This may not come about, but it would be unwise not to allow for such an increase, he says.
“If the borrower’s resources are likely to be stretched uncomfortably by the higher rate, my advice would be for them to lower their purchase ambitions.
Bearing in mind that homes usually take 10 to 20 years to be paid, it is wise to allow for fairly significant interest rate increases in the future, and to pay one or two percent above the going rate.” At the same time, Rawson says this is not the right time to be ultra-cautious.
for home improvements, they put all their debt into a single bond, paying it off in most cases by means of monthly debit orders.
He says this means that their interest rates are limited to around nine or 10 percent.
With the news media increasingly publishing advice on how to survive lean economic times and with the average South African’s disposable income now 16 percent lower (in real terms) than it was in 2007, those struggling to balance their finances are advised to consolidate their debt into one single mortgage account.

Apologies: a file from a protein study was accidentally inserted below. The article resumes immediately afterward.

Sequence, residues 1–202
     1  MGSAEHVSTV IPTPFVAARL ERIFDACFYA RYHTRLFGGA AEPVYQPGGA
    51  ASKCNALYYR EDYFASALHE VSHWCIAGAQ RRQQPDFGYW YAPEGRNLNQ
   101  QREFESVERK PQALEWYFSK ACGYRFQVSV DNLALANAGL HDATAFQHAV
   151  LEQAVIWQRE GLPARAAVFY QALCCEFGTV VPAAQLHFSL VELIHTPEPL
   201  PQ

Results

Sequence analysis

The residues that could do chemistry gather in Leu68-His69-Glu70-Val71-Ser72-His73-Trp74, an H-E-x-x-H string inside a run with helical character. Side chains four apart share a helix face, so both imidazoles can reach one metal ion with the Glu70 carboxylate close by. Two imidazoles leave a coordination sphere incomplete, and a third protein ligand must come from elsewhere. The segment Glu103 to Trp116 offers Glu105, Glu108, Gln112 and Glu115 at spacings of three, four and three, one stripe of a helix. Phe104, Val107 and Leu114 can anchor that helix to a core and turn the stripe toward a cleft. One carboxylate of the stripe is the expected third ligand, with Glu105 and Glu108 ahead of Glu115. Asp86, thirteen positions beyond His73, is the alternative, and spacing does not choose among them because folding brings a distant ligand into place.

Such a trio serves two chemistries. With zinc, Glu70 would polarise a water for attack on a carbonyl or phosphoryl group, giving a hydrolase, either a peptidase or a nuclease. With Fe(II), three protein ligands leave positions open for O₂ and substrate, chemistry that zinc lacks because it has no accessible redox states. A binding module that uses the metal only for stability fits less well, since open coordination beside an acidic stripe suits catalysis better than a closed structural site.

Instead of paying huge interest rates on hire purchase items such as cars, the younger management sect put all their debt into a single bond, paying it off in most cases by means of monthly debit orders.
If they do refuse to consolidate loans into the bond account, it is always possible to change banks.Rawson says like most other property investors, he foresees interest rates rising but relatively slowly as the global economy enters its recovery phase.